To Get Back to Normal, Afghanistan Needs Private Security
A report on the August 24, 2016 terrorist attack on the American University of Afghanistan (AUAF) highlighted critical security problems. Terrorists easily forced their way into the school, killing twelve people and injuring forty-four others. The attack was another catastrophic incident for the country. Despite ongoing risks, AUAF is reopening, but only after receiving special permission to hire its own security instead of relying on the government’s mandated security organization. AUAF learned a costly lesson about the value of quality security. Unfortunately, international investors evaluating Afghanistan look elsewhere, as they do not have the option to hire professional private security.
In global conflicts, the stabilizing rule of thumb is that security is 90 percent of the problem, and 10 percent of the solution. Development, investment, reconciliation and other crucial undertakings are not possible without adequate security. A rethinking of the way private security is regulated in Afghanistan would spur enormous international investment.
In recent years, Afghanistan has had enormous achievements in finalizing regional trade and energy agreements, such as the Turkmenistan, Afghanistan, Pakistan and India (TAPI) pipeline, CASA-1000 (the Central Asia–South Asia power project), and the Chabahar Port. However, implementation has been slow, due to security concerns over protection of the routes through Afghanistan. The TAPI gas pipeline, a $10 billion regional project, for instance, has been delayed due to security concerns in Afghanistan.
Security in Afghanistan is particularly weak today, especially for the commercial sector. Foreign investors will not consider Afghanistan until there is effective security available for employees and facilities. The Afghan army and police are impressively capable, but face enormous demands, from battling insurgents to protecting politicians and conducting basic traffic duties. Ultimately, international investors require reliable, professional private security. We have seen this model enable investment in places like Colombia, Angola and elsewhere, where economies grew despite ongoing conflicts. Afghanistan is held back by self-inflicted regulations.
Afghanistan’s relationship with private security companies (PSCs) has been rocky. President Hamid Karzai outlawed PSCs fearing they were re-hatted militias, and concerned about holding them accountable for crimes they may commit. PSCs were replaced by a makeshift government model, the Afghan Public Protection Force (APPF). Predictably, the APPF is unreliable, expensive, poorly trained, inflexible, and rife with corruption. We believe there is a PSC regulatory model that would ensure a licensed, professional, transparent and accountable private security industry while minimizing the bureaucratic burden on the government.
PSCs will enable commercial operations in places currently considered too risky. The police and army would benefit as well since economic targets would be protected by PSCs—and paid for from private sources. These additional security resources would free Afghan security forces from static security and enable them to focus on quick reaction and proactively move on the insurgents.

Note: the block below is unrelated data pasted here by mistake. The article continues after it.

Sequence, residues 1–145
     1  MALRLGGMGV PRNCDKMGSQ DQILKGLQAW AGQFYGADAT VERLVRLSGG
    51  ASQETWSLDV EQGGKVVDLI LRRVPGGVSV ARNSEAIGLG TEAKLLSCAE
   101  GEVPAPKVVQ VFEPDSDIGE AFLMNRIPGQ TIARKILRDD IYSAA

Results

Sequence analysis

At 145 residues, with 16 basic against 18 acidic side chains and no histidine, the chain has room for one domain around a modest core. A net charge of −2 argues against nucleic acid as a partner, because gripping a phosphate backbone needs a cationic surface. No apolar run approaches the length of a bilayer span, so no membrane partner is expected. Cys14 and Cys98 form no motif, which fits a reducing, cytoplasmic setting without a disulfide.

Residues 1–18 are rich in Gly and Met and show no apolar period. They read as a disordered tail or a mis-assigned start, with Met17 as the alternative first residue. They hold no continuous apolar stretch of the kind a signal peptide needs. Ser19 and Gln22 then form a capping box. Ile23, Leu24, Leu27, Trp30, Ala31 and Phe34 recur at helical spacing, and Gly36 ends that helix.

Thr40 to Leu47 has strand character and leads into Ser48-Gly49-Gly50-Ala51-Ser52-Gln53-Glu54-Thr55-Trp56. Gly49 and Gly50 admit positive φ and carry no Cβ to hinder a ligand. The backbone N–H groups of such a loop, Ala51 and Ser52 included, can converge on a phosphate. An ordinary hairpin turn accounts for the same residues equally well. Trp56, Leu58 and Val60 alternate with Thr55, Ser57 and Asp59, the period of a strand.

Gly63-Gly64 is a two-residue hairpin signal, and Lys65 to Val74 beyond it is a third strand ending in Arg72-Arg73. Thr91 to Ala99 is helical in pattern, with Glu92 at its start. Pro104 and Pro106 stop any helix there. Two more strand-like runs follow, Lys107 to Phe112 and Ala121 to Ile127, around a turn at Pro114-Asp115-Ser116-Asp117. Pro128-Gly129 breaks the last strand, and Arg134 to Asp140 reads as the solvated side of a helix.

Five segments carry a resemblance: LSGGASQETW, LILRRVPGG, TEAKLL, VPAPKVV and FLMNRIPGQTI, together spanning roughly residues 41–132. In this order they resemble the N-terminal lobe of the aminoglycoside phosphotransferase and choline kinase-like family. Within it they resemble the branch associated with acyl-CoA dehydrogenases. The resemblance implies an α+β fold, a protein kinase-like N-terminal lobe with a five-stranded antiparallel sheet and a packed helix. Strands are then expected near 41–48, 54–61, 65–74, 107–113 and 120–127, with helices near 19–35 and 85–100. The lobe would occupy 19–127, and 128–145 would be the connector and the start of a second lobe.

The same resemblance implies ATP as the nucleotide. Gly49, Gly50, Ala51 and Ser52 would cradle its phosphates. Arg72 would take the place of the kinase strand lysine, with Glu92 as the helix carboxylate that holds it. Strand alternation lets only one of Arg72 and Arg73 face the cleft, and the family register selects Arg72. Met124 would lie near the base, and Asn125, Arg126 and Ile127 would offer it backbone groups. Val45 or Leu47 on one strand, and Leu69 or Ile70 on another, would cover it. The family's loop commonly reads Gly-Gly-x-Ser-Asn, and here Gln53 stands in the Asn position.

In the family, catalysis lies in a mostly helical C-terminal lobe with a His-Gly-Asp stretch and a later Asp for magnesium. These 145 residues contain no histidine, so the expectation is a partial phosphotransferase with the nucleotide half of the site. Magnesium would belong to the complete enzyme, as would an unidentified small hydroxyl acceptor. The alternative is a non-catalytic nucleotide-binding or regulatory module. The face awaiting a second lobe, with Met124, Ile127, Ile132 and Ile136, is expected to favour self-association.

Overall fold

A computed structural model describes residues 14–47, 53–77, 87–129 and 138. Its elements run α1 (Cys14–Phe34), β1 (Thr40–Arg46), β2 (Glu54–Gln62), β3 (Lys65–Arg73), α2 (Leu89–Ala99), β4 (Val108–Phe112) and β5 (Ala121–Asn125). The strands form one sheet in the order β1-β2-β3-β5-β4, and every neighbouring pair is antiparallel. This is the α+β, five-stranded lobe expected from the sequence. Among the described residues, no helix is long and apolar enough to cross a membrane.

It is critical to ensure that the PSCs are not simply “re-hatted” militias, and fresh regulations are essential. PSCs must be removed from politics and should not be used beyond protective roles. There must be accountability, effective licensing, requirements for training, limitations on use of force and distinctive civilian uniforms.
Government capacity is a problem in all developing countries, even more so for those involved in conflict. PSCs must have a built in element of accountable self-regulation. Regulations could be addressed through a fully transparent PSC trade association operating on behalf of the government, and underwritten by the PSCs. All PSC licenses, vehicle permits, weapons authorizations and other documentation would be maintained on an open, public database. Each PSC would have its own association web page where company details, capabilities and contact information are available. Applications and payments for licenses and permits would be handled by the association and posted online, showing the exact amounts turned over to the government. The PSC association would not make the laws, but would execute the essential bureaucratic and regulatory role to ensure government requirements are followed.
Private security has limitations. It cannot pursue insurgents or initiate violence, and necessary weapons must be limited and licensed. Deadly force would only be authorized in specific defensive scenarios, and they must report incidents promptly and turn over suspects to the authorities. PSCs are enormously useful, but as civilians, it must be clear they do not have the same powers as the police.
A revitalized private security sector would do much to invigorate foreign investment in Afghanistan. The sector would provide employment opportunities, spur economic growth, create larger secure areas, ensure a stronger tax base and reduce the burden on government forces. Perhaps the most appealing aspect is the speed at which this could take place, requiring minimal changes within the control of President Ashraf Ghani’s offices. Afghanistan can never be truly independent while so reliant on international funding. Reforming the private security sector would be a huge step towards true independence.